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To accomplish our mission of promoting the stewardship of the Upper Gallatin watershed, the Gallatin River Task Force has four main programs:
1. Community Water Quality Monitoring
2. Community Outreach and Education
3. Watershed Resource Assessment
4. Watershed Restoration
Community Water Quality Monitoring Program
The Community Water Quality Monitoring Program includes quarterly water quality sampling at fourteen sites in the Upper Gallatin. The Upper Gallatin, from the headwaters located at Gallatin Lake in Yellowstone National Park to Spanish Creek at the mouth of the Canyon, is a 65 miles stretch of pristine river. Parameters tested at our 14 sites include temperature, dissolved oxygen, conductivity, turbidity, chloride, nitrate, total dissolved solids, pH, algae, macroinvertebrates (aquatic insects) and sediment size.
In order to accomplish our community water quality sampling the Gallatin River Task Force needs volunteers for both the fieldwork and laboratory analysis. No experience is required. Sampling occurs in March, June, August, and December. Summer tends to be our busiest time for sampling and monitoring including algal sampling, monitoring, macroinvertebrate sampling, measuring flow and pebble counts. Watch our News and Events page for specfic dates or Contact Us with questions.
The Gallatin River Task Force uses the data collected to track the health of the Gallatin River and its tributaries. Other organizations use the data to make permitting, regulation decisions and compare it to other watersheds; these organizations include the Montana State University-Bozeman, the Montana Department of Environmental Quality (MTDEQ), Montana Bureau of Mines and Geology, and the Montana Department of Natural Resources and Conservation (DNRC).
Community Education and Outreach Program
The Community Outreach and Education Program provides important water resource information to the local residents and visitors of the Big Sky area. The Gallatin River Task Force performs several outreach and education activities each year. One example of activities in this program is our Trout-in-the-Classroom program at Ophir School which assists in the development and teaching of water quality lessons as a service learning criteria. Another example is our Trout Friendly Landscaping Workshop that was held in July 2014 where Montana experts presented to local landscapers and community residents on trout-friendly landscaping practices, fish ecology and impacts, water conservation and alternative fertilizer practices to help reduce nitrogen runoff to the West Fork. For other Education and Outreach events, check out a article written about another workshop in the Big Sky Weekly here .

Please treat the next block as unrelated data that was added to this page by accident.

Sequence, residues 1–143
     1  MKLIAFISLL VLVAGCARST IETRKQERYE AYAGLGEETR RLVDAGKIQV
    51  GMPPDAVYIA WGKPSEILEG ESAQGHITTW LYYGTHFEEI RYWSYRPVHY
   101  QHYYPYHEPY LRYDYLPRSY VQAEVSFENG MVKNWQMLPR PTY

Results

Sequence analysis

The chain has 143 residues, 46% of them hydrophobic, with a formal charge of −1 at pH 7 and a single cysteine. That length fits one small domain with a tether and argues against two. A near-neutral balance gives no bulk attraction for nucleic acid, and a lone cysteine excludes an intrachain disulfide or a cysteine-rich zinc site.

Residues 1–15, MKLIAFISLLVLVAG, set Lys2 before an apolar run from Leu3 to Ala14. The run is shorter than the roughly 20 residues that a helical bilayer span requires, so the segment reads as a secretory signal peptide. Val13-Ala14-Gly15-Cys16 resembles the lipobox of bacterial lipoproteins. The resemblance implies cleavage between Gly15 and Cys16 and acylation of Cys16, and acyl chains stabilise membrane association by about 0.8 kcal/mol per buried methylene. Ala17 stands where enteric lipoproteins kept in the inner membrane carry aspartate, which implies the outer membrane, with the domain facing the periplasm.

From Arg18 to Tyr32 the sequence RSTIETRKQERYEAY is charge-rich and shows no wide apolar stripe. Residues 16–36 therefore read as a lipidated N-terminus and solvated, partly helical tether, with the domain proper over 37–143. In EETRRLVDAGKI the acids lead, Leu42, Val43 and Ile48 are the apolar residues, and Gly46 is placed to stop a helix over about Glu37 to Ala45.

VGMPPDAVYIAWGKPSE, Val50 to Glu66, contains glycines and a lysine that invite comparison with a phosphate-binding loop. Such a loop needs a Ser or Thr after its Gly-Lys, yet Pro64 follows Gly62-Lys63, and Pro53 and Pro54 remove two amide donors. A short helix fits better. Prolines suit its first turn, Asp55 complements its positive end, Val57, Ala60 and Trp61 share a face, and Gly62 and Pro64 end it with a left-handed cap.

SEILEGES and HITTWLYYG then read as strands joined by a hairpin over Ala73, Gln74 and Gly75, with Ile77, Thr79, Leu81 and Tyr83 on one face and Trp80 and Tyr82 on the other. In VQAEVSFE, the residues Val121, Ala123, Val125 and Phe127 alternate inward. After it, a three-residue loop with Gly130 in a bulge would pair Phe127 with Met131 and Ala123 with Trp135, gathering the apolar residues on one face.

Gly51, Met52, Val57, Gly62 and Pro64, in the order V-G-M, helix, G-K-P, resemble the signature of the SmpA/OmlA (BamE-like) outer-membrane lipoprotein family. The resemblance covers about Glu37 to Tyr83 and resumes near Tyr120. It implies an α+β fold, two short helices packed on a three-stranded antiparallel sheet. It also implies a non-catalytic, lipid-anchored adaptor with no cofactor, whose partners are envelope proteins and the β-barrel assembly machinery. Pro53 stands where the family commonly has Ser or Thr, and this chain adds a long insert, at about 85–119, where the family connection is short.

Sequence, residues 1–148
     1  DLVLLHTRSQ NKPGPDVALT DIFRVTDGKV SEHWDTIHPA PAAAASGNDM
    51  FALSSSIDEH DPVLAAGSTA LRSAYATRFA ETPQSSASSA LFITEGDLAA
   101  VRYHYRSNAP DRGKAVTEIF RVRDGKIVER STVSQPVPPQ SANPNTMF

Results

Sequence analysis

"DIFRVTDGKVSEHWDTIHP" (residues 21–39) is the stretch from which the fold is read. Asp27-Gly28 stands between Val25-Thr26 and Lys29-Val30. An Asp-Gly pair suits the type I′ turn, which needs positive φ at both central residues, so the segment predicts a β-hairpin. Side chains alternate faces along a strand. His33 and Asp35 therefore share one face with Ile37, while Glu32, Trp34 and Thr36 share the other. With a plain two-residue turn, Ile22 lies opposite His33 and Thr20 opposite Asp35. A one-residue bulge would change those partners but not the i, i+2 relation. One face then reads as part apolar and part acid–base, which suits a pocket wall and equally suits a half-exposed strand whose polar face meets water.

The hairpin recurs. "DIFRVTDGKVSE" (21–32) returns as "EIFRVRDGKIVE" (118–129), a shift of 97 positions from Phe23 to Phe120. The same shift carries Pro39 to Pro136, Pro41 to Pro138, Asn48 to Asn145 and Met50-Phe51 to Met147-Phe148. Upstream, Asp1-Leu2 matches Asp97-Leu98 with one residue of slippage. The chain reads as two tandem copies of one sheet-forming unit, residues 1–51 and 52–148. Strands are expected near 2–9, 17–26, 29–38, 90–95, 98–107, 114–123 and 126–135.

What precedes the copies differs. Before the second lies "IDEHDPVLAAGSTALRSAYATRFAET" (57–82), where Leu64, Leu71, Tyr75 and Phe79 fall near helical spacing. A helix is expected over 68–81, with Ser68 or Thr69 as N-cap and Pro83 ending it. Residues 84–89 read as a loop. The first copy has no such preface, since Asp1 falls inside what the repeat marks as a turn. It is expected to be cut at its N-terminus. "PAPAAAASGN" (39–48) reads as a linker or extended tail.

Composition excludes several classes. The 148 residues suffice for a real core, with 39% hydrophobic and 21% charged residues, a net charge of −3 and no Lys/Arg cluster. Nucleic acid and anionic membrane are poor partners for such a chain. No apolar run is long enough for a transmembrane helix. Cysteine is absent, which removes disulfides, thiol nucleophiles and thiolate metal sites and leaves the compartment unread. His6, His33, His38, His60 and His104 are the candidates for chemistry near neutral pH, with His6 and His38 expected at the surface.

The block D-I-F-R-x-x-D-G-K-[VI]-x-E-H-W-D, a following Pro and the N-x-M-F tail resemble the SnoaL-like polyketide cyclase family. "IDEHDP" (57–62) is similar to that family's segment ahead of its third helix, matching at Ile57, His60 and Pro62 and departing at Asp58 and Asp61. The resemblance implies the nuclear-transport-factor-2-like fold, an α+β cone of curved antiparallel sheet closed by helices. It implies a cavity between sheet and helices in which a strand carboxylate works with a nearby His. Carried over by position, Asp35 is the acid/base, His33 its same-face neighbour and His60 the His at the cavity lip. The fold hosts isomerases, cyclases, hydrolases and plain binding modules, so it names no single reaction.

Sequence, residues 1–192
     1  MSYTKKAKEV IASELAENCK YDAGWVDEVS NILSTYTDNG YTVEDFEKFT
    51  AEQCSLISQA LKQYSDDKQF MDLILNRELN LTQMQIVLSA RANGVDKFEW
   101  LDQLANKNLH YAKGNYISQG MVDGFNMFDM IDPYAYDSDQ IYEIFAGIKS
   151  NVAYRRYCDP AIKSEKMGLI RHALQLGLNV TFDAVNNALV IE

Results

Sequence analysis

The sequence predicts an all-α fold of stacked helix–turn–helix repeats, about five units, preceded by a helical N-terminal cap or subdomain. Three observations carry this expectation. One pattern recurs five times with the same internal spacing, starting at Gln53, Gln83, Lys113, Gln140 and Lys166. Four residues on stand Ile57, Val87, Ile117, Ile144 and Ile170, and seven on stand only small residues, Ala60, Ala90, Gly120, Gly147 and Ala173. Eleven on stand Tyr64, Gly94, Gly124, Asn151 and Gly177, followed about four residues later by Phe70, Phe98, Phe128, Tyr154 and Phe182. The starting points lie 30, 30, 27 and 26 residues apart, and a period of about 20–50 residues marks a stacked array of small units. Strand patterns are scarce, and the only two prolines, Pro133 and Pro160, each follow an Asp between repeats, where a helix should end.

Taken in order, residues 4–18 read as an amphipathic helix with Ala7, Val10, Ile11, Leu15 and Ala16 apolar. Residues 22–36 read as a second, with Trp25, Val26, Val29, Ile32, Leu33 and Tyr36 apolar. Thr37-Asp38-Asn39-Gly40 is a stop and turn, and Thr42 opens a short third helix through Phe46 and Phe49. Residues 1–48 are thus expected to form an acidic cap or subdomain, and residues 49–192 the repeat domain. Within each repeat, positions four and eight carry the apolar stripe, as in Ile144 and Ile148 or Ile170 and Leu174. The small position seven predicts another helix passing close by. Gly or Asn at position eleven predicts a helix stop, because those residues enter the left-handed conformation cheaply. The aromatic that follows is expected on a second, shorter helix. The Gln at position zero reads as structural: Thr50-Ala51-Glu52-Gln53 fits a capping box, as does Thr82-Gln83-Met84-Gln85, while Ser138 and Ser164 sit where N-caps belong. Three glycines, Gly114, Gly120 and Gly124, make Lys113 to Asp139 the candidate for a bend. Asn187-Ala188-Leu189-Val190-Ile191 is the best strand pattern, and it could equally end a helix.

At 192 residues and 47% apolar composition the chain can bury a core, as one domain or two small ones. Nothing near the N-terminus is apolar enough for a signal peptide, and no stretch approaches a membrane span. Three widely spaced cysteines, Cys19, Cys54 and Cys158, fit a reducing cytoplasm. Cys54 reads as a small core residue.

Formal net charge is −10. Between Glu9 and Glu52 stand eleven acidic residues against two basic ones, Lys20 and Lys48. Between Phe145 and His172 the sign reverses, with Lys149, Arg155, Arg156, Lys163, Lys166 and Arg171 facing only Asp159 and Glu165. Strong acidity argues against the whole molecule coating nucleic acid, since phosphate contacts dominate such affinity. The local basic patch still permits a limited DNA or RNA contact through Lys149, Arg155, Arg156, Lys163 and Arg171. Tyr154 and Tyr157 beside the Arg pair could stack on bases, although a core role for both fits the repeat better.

Each year the Gallatin River Task Force holds an annual meeting to discuss the past year's activities and Task Force's expectations for the coming year. You can also sign up for our semi-annual newsletter on our Home Page. Our newsletter contains data results collected and upcoming events and opportunities.
Other examples of the Gallatin River Task Force's Community and Outreach and Education Program include an informational booth at the Big Sky Farmers Market, community presentations at guide and staff orientations, informational brochures, publications. Feel free to even check us out on our Facebook page!
Also keep a look out for our informational signs at the following sampling sites: West Fork, North Fork, Ousel and Community which are also located near popular hiking and nodic ski trails. These signs were funded by the MTDEQ Mini-Grant ProgramWatershed Resource Assessment Program
The Water Resource Assessment Program involves more intensive assessments of pollutants that have been identified as impairing the quality and funcation of our watershed. The Gallatin River Task Force acts as a liason between the Montana Department of Environmental Quality (MTDEQ) and the Big Sky community for the Total Maximum Daily Load (TMDL) program. The TMDL program aims to determine if streams are being impacted by pollution. The TMDL assessment recently found that the West Fork of the Gallatin River ("West Fork"), the Middle Fork of the West Fork and the South Fork of the West Fork are impaired due to excessive nitrogen, E.Coli and sediment. You can read the full report here .
Watershed Restoration Program
After the Upper Gallatin TMDL was accepted by the Environmental Protection Agency (EPA) in the fall of 2010, the Gallatin River Task Force took the lead on developing the Upper Gallatin Watershed Restoration Plan. The plan has a scope of three to five years, in which time, the Gallatin River Task Force chose to focus restoration efforts in the West Fork Watershed because of its failure to meet water quality standards set by the MTDEQ for nitrogen, E. coli and sediment. Specific restoration strategies within this plan include: 1) developing and implementing a plan to reduce nitrogen in the West Fork Watershed 2) working with the Montana Department of Transportations to reduce the sediment impacts of winter road maintenance on rivers and streams and 3) assessing and prioritizing culvert replacement projects to reduce sediment loading and improve fish passage. The Gallatin River Task Force and interested watershed stakeholders will review and update this plan within the next three to five years. You can read the entire document here .
In 2011, the Gallatin River Task Force added a new project to its restoration program, an Upper Gallatin River Clean Up. The event takes place each year during the month of September. Volunteers walk a stretch of the Gallatin River and pick up trash. Items picked up in the past include: plastic bottles, aluminum cans, lampshades, bikini bottoms, pharmaceuticals and a rusted engine block. After cleaning the river, volunteers enjoy a BBQ provided by the Gallatin River Task Force.